October 3, 2007
President Hugo Chávez and leaders of Colombia's largest rebel group have postponed a meeting aimed at securing the release of hostages including three Americans, a Colombian senator involved in the talks said Wednesday.
A meeting planned for next Monday in Venezuela has been postponed, said Colombian Sen. Piedad Córdoba, an envoy who invited Chávez to help mediate a prisoner swap between Colombia and the leftist Revolutionary Armed Forces of Colombia, or FARC.
''The meeting is not going to be suspended indefinitely. I think it could take a couple of days,'' Córdoba said in Washington.
Chávez said late Tuesday that the meeting ''will be held on an appropriate date,'' and could be held somewhere along the border shared with neighboring Colombia.
Although Chávez has opened a diplomatic channel with the normally hermetic rebels, the obstacles to an eventual deal are many, beginning with the FARC's long-standing demand that all rebels in U.S. custody be released.
FARC rebel commander Nayibe ''Sonia'' Rojas was convicted this year by a U.S. court of exporting cocaine, and another, Ricardo Palmera -- known by the nom de guerre Simon Trinidad -- is awaiting trial in the U.S. on drug trafficking charges. Cordoba said she planned to meet with Rojas in Fort Worth, Texas, on Thursday.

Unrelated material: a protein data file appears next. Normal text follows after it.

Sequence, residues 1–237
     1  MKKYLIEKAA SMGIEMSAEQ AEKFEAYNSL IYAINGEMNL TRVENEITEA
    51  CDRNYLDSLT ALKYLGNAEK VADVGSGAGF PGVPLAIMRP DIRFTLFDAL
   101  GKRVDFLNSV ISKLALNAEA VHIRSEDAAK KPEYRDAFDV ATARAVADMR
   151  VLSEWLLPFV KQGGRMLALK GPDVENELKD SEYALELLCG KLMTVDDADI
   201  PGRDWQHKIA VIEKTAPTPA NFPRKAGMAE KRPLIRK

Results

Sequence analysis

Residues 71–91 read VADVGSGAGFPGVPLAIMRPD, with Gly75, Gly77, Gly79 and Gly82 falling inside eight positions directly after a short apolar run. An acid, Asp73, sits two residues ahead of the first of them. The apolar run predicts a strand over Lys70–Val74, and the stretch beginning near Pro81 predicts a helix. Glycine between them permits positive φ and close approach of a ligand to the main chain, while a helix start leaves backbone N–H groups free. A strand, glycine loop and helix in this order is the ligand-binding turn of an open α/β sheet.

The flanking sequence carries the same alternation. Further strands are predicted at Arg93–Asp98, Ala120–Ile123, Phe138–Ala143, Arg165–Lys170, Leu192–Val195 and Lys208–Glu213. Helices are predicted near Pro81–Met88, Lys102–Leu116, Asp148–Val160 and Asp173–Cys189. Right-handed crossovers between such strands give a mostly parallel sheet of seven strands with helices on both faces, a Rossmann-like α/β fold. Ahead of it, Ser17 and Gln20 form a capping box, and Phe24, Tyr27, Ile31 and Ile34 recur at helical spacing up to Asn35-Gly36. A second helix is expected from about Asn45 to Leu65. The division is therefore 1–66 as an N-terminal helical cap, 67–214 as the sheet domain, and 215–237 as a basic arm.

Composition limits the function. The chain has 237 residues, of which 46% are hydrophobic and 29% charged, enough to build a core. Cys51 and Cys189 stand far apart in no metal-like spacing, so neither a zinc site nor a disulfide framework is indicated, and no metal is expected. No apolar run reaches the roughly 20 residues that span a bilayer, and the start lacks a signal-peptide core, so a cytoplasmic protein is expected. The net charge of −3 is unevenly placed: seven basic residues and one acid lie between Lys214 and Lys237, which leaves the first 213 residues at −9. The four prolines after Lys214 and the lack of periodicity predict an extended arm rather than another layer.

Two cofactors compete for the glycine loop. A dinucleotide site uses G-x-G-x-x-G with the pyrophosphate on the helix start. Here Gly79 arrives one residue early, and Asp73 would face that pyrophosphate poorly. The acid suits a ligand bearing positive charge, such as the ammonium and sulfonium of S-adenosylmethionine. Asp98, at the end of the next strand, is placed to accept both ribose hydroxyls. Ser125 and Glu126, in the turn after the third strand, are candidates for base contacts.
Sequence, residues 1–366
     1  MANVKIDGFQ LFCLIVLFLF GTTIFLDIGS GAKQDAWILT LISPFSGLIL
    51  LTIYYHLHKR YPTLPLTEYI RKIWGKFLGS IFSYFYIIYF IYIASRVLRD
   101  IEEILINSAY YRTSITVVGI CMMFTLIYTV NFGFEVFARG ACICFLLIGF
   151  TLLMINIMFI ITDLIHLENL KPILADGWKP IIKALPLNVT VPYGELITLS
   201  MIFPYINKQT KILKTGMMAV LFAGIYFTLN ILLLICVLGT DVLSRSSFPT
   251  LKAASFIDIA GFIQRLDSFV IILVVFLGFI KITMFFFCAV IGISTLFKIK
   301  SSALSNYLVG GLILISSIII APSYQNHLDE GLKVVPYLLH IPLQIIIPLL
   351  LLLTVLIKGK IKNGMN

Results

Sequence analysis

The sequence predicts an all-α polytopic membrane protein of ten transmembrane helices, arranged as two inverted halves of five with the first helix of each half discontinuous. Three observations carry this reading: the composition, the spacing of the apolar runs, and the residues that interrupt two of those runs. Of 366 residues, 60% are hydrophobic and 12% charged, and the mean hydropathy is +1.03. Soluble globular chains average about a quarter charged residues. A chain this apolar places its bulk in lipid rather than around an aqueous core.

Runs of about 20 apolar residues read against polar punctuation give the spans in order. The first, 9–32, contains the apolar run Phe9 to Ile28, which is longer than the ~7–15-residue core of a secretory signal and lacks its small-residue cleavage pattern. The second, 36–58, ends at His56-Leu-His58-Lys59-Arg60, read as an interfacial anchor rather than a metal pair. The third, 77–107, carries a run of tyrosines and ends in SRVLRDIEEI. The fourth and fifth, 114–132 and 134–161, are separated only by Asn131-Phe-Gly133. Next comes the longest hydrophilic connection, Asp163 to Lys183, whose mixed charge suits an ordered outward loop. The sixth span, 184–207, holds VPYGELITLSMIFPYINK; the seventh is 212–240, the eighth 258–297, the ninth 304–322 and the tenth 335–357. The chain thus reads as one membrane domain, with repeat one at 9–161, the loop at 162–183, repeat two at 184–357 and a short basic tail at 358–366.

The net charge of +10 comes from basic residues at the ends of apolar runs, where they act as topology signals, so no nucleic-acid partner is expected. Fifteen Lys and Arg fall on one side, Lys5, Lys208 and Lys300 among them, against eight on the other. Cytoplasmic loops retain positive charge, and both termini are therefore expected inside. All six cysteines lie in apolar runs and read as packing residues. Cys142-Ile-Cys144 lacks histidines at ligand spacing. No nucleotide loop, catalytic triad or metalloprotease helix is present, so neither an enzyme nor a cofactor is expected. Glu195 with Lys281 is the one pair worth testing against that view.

But Colombian President Alvaro Uribe said Wednesday that he opposes any measure that would permit the two high-ranking rebels to return to Colombia.
''If I were to accept the demand that Mrs. Sonia and Mr. Trinidad be returned from the United States to participate in a humanitarian exchange with the FARC, that would be disastrous,'' Uribe said after meeting in Bogota with U.S. Defense Secretary Robert Gates.
Asked what the U.S. is willing to do to secure the release of the three Americans and other hostages held by the FARC, Gates said: ``We are prepared to work with the government of Colombia to any extent that we can.''